An Indian family in New Zealand has lost a last-ditch appeal against deportation, despite fears over COVID-19 and black fungus epidemic in their home country.
The family of four – father (32), mother (35) and two children aged eight and three – was issued deportation liability notices in May 2021 after the father breached his visa conditions multiple times by delivering cash in transit.
The father told the Immigration and Protection Tribunal that he performed the cash in transit task out of loyalty to his employer, and was unaware that he was in breach of the conditions of his visa. The family’s names were not made public to prevent their identification
According to the court decision, the father works in information technology, but was caught delivering cash in transit on “multiple occasions”, in breach of the terms of his visa. This led to the cancellation of their visa and the family being liable for deportation.
The family pleaded they would face “great difficulty” relocating to India as their children had spent their whole lives in New Zealand.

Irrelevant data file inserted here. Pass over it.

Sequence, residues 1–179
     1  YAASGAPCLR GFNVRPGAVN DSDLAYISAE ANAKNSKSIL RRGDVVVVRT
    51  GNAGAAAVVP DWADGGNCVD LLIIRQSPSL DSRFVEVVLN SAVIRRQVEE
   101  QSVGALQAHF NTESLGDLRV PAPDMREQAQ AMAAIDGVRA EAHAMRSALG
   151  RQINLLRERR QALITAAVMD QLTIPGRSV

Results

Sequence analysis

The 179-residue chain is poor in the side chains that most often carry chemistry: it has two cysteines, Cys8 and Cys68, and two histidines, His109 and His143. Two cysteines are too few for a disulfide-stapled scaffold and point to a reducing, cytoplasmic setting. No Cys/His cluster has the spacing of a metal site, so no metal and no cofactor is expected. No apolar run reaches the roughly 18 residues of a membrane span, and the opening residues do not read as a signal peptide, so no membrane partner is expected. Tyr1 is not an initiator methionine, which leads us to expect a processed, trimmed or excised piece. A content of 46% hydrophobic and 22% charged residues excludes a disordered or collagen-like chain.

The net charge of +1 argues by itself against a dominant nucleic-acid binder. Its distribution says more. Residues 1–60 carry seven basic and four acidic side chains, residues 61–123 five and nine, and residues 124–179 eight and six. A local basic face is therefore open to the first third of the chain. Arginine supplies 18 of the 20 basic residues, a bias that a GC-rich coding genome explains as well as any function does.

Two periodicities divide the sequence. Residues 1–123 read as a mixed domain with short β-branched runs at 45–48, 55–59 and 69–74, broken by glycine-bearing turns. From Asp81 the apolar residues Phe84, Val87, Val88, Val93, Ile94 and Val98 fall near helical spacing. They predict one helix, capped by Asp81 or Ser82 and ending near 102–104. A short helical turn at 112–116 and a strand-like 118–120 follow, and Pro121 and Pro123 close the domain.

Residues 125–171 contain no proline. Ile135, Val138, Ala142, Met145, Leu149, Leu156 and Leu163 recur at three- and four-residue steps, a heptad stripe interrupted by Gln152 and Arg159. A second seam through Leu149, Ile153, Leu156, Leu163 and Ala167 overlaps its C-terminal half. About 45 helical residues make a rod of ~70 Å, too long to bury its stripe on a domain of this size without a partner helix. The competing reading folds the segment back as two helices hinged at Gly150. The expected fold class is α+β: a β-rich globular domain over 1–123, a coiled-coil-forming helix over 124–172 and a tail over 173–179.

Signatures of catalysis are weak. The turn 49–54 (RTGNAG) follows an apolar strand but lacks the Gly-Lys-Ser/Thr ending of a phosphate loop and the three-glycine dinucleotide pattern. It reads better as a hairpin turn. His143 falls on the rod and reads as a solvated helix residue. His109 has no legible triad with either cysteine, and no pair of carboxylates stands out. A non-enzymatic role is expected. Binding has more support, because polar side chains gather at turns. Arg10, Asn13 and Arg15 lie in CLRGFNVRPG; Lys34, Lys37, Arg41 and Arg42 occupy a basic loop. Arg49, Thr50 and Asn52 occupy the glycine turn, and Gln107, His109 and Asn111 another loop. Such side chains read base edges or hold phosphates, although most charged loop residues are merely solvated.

Further, the family said the Covid-19 pandemic had hit India hard and the vaccine roll-out had been slow and beset with issues. Besides, because of the pandemic’s effects on the economy, the father would struggle to find a job in India.
India had also been hit by a black fungus epidemic, they said.
“Previously considered very rare, cases have dramatically increased during the pandemic, usually striking patients after recovery from Covid-19.”
“More than 45,000 cases had been recorded over the last two months, of which 4200 people had died.”
The tribunal turned down their appeal, determining that the family did not have exceptional circumstances of a humanitarian nature. However, they were granted an eight-month temporary visa to get their affairs in order, and to allow the adults time to be vaccinated for Covid-19 and to arrange their travel back to India.